After the elections that took place in Greece over the weekend, many European leaders breathed a sigh of relief…for a couple of hours. With the narrow defeat of the anti-austerity, anti-bailout opposition party, the results lessened the possibility that Greece would backtrack on commitments recently assumed as part of its second aid package, and decreased the chances of a chaotic exit from the Euro zone. However, the election results did not buoy markets for long.
Likewise, the announcement of Spain’s bank bailout last week did not rally markets for more than a few hours. The lack of enthusiasm reflected the view that this most recent bailout is yet another in a series of half-measures, which have become the norm throughout the Euro crisis. It is not only the fact that Spanish banks need equity (rather than further debt funding that will not directly address fears about their solvency), but also the intermediary role played by the Spanish government that aggravated the concerns of private creditors about the subordinated position of their assets.
Both events illustrate the limits – and decreasing results – of the series of policy responses adopted in the crisis heretofore. By doing just enough to address each urgent problem as it arises—instead of moving ahead of events and directly implementing their ultimate solutions, problems have become increasingly deeper and harder to solve. Take for instance the recent Greek sovereign debt restructuring, the biggest in history. Had it come, say, one year ago, when Greece’s insolvency was already beyond a doubt to everyone, chances are that the negative feedback loop between national banks and public debt in Portugal, Spain and Italy since then would have been less intense. Such a negative feedback loop would have at least not been aggravated by contagion from the lack of response to Greece’s unsustainable path. Procrastination did not help avoid facing the eventual insolvency problem—in the end, inaction made things worse, not better.
But haven’t we been down this road before? Haven’t similar experiences in the debt crises of the 1980’s, Russia in 1998, and Argentina in 2001 taught us that waiting too long to restructure in situations of clear insolvency can be more costly in the end? Indeed, as I argue with coauthors Brian Pinto and Mona Prasad in a recent World Bank Working Paper, “Orderly Sovereign Debt Restructuring: Missing in Action!,” procrastination becomes increasingly costly in such cases. Not only does the ratio of debt-to-GDP keep rising until a default or debt restructuring becomes unavoidable, but also investments and growth remain subdued while the debt overhang remains and everyone waits for the inevitable outcome.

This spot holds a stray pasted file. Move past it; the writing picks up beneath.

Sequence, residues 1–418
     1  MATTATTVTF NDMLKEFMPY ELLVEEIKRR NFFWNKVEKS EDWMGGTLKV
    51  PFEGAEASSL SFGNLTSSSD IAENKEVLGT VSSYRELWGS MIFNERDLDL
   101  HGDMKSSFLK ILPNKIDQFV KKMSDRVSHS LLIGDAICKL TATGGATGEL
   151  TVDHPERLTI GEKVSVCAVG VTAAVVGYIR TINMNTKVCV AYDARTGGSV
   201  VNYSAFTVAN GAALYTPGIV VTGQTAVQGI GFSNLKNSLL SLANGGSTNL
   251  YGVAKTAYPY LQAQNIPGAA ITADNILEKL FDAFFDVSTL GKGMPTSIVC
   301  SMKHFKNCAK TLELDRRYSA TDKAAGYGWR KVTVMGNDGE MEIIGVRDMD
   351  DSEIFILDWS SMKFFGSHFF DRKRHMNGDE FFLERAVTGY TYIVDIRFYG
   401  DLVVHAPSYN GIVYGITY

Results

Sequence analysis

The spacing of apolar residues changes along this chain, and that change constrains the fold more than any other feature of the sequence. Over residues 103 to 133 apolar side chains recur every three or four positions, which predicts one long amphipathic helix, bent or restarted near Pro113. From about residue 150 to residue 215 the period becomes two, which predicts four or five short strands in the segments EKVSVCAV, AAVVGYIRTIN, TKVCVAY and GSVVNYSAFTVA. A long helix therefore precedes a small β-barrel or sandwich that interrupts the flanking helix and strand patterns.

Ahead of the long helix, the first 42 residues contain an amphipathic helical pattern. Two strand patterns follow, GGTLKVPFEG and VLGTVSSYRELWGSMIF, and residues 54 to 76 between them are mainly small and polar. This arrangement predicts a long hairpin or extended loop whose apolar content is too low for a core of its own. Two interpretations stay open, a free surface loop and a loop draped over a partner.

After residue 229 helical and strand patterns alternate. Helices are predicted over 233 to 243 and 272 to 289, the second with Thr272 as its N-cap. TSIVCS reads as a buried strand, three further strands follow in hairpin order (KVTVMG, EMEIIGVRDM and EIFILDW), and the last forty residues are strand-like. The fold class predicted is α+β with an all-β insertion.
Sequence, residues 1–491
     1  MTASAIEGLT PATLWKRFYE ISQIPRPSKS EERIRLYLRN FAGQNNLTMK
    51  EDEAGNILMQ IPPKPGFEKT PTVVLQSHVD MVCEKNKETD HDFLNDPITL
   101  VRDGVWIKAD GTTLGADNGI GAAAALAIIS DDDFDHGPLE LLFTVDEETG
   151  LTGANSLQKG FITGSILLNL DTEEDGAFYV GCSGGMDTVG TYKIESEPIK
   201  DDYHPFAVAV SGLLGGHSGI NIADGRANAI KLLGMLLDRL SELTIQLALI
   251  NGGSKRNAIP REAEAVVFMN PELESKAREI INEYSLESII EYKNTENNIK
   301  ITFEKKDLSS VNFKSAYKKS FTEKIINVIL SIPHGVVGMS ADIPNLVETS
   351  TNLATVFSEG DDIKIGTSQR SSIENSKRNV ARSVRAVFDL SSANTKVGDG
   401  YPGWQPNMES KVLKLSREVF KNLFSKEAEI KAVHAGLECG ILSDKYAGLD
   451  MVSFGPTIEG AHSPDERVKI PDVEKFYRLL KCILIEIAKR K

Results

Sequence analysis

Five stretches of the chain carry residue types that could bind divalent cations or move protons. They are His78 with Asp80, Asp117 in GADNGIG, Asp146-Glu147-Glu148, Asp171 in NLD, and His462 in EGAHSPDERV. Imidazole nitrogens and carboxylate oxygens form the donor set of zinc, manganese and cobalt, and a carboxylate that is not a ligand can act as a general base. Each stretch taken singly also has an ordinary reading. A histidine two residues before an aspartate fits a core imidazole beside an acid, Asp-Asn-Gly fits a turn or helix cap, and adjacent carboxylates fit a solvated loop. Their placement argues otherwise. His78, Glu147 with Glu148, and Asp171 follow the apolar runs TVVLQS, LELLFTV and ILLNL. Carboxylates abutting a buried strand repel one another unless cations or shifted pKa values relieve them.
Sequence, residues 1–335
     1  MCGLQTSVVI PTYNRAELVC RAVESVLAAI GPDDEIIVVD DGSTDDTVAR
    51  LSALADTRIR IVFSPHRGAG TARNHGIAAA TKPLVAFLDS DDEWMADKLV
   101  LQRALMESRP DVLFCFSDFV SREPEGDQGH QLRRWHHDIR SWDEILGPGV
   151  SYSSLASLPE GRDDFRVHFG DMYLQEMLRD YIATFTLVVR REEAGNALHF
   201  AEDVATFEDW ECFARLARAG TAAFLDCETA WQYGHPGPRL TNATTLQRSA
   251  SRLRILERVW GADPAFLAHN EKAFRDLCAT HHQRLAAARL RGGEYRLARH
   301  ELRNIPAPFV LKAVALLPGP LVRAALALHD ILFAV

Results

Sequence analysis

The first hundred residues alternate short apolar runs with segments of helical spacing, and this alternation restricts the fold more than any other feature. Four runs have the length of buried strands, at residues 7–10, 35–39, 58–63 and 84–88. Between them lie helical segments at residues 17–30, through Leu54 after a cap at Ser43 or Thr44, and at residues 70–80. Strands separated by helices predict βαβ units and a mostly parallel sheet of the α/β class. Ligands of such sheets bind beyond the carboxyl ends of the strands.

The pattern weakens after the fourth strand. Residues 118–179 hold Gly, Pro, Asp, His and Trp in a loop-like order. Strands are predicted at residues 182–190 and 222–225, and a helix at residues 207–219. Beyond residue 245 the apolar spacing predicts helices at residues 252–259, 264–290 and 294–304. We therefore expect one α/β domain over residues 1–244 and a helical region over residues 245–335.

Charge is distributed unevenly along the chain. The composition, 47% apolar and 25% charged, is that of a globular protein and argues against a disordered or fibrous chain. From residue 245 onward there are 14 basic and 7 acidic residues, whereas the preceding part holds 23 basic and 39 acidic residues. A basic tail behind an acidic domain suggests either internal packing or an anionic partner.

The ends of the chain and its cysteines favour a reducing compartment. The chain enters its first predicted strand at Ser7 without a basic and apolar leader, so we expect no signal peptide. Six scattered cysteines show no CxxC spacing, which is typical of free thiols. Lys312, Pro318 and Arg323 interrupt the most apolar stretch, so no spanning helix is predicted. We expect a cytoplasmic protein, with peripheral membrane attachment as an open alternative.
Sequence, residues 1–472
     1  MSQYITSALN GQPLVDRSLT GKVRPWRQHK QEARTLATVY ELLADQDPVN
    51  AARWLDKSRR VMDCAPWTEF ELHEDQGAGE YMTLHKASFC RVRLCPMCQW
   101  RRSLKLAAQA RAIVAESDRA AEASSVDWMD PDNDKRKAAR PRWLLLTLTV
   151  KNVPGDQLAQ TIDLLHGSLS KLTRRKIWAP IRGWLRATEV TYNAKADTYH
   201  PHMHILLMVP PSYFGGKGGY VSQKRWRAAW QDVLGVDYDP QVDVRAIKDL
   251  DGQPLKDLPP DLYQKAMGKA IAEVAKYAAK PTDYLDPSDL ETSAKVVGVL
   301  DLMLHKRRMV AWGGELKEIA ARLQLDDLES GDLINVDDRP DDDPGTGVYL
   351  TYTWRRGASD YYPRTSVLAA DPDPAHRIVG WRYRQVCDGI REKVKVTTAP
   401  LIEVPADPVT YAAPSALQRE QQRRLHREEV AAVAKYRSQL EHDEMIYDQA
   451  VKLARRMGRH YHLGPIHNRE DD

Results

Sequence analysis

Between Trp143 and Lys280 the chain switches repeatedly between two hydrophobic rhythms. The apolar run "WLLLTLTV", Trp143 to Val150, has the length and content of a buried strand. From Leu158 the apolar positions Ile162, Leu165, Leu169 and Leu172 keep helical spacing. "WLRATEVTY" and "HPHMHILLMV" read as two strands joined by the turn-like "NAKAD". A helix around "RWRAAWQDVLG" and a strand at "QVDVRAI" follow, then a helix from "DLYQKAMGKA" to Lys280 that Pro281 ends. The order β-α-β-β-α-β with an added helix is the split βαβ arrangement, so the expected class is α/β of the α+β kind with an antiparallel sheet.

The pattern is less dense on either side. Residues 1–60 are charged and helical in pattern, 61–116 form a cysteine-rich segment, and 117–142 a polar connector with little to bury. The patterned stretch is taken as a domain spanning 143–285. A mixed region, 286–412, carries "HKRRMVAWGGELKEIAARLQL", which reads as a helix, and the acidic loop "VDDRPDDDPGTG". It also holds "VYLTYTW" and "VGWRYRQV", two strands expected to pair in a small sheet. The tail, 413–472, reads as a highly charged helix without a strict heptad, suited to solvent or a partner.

Based on previous experiences, we argue that in situations where countries face solvency problems, official intervention that includes debt restructuring may be necessary—even if it is a bitter political pill to swallow. Although the record of official intervention in sovereign debt crises is not a flattering one, such interventions are more likely to succeed if official money is lent at the risk-free rate reflecting its seniority and private creditors receive an upfront haircut. Such an approach would limit the costs associated with procrastination and increase the chances of success by enabling a more realistic fiscal program to restore solvency. While the ship has sailed on such an outcome for Greece, let’s hope countries faced with sovereign and/or bank debt problems in the future realize the virtue of decisive policy action and the danger of procrastination.
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